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JOURNAL ARTICLE

PTSD Symptoms, Emotion Dysregulation, and Alcohol-Related Consequences Among College Students With a Trauma History

Jessica C Tripp, Meghan E McDevitt-Murphy, Megan L Avery, Katherine L Bracken
Journal of Dual Diagnosis 2015, 11 (2): 107-17
25793550

OBJECTIVE: Posttraumatic stress disorder (PTSD), alcohol use, and alcohol-related consequences have been linked to emotion dysregulation. Sex differences exist in both emotion regulation dimensions and alcohol use patterns. This investigation examined facets of emotion dysregulation as potential mediators of the relationship between PTSD symptoms and alcohol-related consequences and whether differences may exist across sexes.

METHODS: Participants were 240 college students with a trauma history who reported using alcohol within the past three months and completed measures of PTSD symptoms, emotion dysregulation, alcohol consumption, alcohol-related consequences, and negative affect. The six facets of emotion dysregulation were examined as mediators of the relationship between PTSD symptoms and alcohol-related consequences in the full sample and by sex.

RESULTS: There were differences in sexes on several variables, with women reporting higher PTSD scores and lack of emotional awareness. Men reported significantly more drinks per week in a typical week and a heavy week. There were significant associations between the variables for the full sample, with PTSD showing associations with five facets of emotion dysregulation subscales: impulse control difficulties when upset, difficulties engaging in goal-directed behavior, nonacceptance of emotional responses, lack of emotional clarity, and limited access to emotion regulation strategies. Alcohol-related consequences were associated with four aspects of emotion dysregulation: impulse control difficulties when upset, difficulties engaging in goal-directed behavior, nonacceptance of emotional responses, and limited access to emotion regulation strategies. Two aspects of emotion regulation, impulse control difficulties and difficulties engaging in goal directed behavior, mediated the relationship between PTSD symptoms and alcohol-related consequences in the full sample, even after adjusting for the effects of negative affect. When examined separately by gender, impulse control difficulties remained a mediator for men and difficulties engaging in goal directed behavior for women.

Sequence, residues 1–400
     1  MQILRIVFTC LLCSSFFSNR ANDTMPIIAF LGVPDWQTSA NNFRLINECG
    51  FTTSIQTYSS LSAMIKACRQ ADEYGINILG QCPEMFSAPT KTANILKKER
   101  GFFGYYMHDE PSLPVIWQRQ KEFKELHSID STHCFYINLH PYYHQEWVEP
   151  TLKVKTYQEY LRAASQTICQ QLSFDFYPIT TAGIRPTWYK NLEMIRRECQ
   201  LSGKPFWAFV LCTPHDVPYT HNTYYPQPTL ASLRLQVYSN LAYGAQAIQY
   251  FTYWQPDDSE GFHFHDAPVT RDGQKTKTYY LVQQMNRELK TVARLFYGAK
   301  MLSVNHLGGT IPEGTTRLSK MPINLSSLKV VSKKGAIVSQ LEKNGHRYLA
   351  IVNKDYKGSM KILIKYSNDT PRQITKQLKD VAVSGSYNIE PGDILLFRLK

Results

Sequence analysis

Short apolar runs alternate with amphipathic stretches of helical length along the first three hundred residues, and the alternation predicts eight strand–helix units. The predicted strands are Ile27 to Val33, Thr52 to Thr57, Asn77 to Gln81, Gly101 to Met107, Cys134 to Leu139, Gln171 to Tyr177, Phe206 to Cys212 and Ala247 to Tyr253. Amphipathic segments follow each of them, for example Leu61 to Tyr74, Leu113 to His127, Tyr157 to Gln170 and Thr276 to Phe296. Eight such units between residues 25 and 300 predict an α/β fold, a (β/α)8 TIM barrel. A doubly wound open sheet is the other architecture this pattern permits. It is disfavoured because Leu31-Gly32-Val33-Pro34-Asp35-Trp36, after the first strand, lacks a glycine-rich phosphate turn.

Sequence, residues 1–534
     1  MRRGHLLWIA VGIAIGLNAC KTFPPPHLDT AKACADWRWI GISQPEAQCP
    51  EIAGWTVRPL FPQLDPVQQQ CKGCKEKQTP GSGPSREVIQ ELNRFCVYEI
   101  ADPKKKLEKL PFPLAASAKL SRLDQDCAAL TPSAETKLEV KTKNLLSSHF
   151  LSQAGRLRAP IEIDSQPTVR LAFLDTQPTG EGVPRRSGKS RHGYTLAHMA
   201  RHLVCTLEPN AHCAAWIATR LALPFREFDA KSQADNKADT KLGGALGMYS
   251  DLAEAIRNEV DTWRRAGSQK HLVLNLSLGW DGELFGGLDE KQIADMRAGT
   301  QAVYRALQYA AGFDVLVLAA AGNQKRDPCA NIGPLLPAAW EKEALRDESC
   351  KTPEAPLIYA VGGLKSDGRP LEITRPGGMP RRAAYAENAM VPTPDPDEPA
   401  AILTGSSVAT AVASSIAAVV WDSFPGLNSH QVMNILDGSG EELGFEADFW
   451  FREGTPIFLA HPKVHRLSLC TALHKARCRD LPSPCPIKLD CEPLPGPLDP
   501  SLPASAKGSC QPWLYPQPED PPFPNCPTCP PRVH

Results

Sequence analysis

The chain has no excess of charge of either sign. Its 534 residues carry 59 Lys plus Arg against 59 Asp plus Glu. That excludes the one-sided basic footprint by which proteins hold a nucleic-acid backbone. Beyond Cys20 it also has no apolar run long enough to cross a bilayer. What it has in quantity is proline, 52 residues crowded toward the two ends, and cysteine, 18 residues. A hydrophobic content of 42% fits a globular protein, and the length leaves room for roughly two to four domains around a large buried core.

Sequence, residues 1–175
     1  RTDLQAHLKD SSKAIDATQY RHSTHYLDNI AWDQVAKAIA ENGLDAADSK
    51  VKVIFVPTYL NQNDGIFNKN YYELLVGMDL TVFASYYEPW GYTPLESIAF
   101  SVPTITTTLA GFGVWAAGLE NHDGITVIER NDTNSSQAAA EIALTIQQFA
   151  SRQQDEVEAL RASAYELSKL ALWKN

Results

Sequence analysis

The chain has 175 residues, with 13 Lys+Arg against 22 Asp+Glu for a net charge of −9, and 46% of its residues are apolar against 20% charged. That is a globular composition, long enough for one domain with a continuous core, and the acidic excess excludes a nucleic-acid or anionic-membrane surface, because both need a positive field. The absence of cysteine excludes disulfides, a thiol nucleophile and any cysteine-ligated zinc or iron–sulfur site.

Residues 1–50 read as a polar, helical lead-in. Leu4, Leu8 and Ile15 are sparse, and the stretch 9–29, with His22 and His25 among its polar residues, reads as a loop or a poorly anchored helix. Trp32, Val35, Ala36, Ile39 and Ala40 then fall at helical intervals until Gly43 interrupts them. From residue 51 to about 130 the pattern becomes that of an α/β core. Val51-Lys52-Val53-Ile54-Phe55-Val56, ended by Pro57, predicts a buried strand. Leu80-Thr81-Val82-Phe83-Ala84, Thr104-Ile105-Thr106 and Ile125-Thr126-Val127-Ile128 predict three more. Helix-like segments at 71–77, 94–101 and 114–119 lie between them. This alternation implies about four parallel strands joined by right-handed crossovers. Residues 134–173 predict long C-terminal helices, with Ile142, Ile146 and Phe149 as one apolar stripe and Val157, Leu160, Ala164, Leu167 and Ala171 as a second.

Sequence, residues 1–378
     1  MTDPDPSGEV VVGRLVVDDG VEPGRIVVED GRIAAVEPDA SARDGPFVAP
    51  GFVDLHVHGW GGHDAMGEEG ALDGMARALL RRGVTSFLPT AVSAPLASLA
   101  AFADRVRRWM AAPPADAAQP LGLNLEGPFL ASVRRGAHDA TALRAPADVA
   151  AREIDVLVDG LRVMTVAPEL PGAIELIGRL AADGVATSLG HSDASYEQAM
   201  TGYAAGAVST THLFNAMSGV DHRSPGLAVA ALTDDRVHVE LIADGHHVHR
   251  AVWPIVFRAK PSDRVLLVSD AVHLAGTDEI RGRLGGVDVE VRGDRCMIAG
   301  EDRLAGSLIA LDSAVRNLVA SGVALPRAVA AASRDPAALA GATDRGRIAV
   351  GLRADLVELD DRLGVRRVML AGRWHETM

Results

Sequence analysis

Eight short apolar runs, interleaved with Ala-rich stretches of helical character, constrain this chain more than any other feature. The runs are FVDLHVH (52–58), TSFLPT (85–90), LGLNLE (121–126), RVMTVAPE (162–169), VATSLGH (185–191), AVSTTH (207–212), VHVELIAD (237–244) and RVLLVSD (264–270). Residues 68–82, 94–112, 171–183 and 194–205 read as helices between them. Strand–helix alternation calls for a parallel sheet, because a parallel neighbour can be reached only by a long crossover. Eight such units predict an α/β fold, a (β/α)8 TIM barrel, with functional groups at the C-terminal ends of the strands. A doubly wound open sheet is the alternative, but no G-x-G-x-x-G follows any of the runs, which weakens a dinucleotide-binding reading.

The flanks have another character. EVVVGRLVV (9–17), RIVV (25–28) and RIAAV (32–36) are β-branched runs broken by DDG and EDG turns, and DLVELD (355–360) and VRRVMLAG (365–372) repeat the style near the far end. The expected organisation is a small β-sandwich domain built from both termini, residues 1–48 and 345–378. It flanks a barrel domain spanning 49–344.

CONCLUSIONS: These analyses shed light on processes that may underlie "self-medication" of PTSD symptoms. Gender-specific interventions targeting emotion dysregulation may be effective in reducing alcohol-related consequences in individuals with PTSD. Women may possibly benefit from interventions that focus on difficulties engaging in goal-directed behavior, while men may benefit from interventions that target impulse control difficulties when upset.

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